High Court Ruling: Etiqa Family Takaful Berhad & Etiqa General Insurance Berhad v. DGIR

Overview of the Case In a recent ruling, the High Court (HC) made a significant decision in the case of “Etiqa Family Takaful Berhad & Etiqa General Insurance Berhad v. Director General of Inland Revenue (DGIR).” This case primarily revolves around the deductibility of interest and profit payments under Malaysian tax law, specifically under Section…

High Court Ruling: Etiqa Family Takaful Berhad & Etiqa General Insurance Berhad v. DGIR

Overview of the Case

In a recent ruling, the High Court (HC) made a significant decision in the case of “Etiqa Family Takaful Berhad & Etiqa General Insurance Berhad v. Director General of Inland Revenue (DGIR).” This case primarily revolves around the deductibility of interest and profit payments under Malaysian tax law, specifically under Section 33 of the Income Tax Act 1967 (ITA). The detailed report is available on the Inland Revenue Board of Malaysia (HASiL) website.

Case Facts

Taxpayers Involved

  1. Etiqa Family Takaful Berhad: Specializes in general takaful, family takaful, and takaful investment-linked businesses.
  2. Etiqa General Insurance Berhad: Focuses on general insurance, life insurance, and investment-linked businesses.

Dispute Summary

The taxpayers argued that the interest and profit payments on Tier 2 subordinated bonds and sukuk were incurred to meet Bank Negara Malaysia’s requirements. They believed these payments should be deductible under Section 33 of the ITA. However, these expenses were not claimed in their tax returns for the years of assessment (YAs) 2014 to 2018. Instead, the taxpayers filed appeals to the Special Commissioners of Income Tax (SCIT).

SCIT’s Decision

The SCIT dismissed the taxpayers’ appeal, stating that the deductions for interest and profit payments were not allowable under Section 33(1) of the ITA. This decision was based on the specific provisions governing takaful and insurance businesses, namely Sections 60AA(9)(b)(iii) and 60(3A)(b)(ii) of the ITA. These sections do not list such payments as deductible expenses.

Taxpayers’ Argument

The taxpayers contended:

  • The profit and interest payments were deductible under the general provision of Section 33(1) of the ITA.
  • Sections 60(3A) and 60AA(9) do not preclude the application of Section 33(1), which should apply to all businesses.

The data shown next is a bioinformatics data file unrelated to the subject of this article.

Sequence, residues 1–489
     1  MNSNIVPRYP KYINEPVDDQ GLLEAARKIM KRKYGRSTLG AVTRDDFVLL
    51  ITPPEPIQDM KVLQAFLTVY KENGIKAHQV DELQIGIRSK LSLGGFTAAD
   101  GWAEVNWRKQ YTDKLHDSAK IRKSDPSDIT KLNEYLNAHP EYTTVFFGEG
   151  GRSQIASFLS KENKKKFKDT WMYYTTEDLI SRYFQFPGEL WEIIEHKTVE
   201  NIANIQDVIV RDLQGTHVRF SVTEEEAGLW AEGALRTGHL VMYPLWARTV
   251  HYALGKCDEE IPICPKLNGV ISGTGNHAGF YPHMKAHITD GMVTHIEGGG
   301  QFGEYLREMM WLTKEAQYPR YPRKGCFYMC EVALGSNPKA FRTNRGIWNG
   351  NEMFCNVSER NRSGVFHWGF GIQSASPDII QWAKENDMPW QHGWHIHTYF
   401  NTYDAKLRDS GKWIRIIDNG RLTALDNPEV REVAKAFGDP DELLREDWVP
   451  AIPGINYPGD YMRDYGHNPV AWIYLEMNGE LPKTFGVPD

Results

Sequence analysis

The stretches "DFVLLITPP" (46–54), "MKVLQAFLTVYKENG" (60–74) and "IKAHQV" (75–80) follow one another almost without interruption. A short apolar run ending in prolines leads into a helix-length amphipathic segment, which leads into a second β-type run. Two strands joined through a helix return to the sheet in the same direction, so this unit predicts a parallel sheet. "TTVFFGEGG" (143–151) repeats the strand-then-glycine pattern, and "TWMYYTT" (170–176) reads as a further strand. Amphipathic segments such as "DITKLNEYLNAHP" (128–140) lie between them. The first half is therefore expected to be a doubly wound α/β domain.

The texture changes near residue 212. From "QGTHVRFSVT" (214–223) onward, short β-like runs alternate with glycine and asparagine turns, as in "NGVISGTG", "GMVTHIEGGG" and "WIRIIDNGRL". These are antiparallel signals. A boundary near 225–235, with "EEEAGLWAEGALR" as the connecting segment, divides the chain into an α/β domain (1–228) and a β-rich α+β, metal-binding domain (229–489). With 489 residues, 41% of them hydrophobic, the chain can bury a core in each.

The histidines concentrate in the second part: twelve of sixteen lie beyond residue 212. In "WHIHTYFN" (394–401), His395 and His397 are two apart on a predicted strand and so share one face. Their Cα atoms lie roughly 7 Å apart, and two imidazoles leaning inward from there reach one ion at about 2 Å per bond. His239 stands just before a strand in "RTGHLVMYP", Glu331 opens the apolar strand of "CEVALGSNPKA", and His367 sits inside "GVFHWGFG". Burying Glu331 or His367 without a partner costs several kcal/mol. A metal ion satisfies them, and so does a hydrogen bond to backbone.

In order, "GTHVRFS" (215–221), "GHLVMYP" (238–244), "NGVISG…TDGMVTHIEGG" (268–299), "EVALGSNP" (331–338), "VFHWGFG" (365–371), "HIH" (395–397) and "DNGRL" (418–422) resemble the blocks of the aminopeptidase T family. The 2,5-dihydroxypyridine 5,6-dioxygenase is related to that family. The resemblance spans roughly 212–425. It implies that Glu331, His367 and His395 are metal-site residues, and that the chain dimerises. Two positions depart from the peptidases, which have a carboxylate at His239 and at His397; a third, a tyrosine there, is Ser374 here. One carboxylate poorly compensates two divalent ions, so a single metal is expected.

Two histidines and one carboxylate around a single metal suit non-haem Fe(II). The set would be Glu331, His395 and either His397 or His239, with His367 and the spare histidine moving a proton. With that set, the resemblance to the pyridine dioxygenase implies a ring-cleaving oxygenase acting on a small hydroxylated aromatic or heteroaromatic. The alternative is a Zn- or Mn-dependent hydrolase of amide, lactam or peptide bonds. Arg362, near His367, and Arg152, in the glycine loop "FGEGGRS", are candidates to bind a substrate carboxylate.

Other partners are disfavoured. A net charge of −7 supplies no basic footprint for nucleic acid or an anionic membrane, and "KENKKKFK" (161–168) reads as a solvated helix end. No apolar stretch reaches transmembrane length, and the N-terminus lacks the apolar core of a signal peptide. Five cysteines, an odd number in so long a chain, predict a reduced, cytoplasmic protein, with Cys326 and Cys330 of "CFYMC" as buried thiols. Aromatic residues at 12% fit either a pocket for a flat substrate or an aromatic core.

• These payments met the criteria under Section 33(1)(a) and were not prohibited by Section 39.
  • The expenses were necessary to comply with Bank Negara Malaysia’s requirements.

DGIR’s Argument

The Director General of Inland Revenue (DGIR) argued:

  • The payments were not deductible under Sections 33(1), 60AA(9)(b)(iii), and 60(3A)(b)(ii) of the ITA.
  • Section 60AA, introduced via the Finance Act 2007 for YA 2008 and subsequent years, addresses the taxation of takaful businesses specifically.
  • Section 60, existing since the ITA’s inception, governs the taxation of insurance businesses.
  • The principle of generalia specialibus non derogant (specific provisions override general ones) should be applied, making Section 33 inapplicable due to the specific provisions of Sections 60AA(9)(b)(iii) and 60(3A)(b)(ii).

Legal Issue

The core issue was whether the profit and interest payments on Tier 2 subordinated bonds and sukuk were deductible under Section 33(1) of the ITA.

High Court Decision

On February 8, 2024, the High Court ruled against the taxpayers, upholding the SCIT’s decision. The HC found no merits in the taxpayers’ appeals and dismissed them, awarding costs of RM3,000 for each case.

Conclusion

The High Court’s decision emphasizes that specific statutory provisions for the taxation of particular business activities override general tax provisions. This ruling highlights the importance of adhering to the specific tax codes applicable to the insurance and takaful sectors, demonstrating that regulatory compliance does not automatically equate to tax deductibility under general ITA provisions.

For more detailed information, you can access the full case report on the HASiL website.

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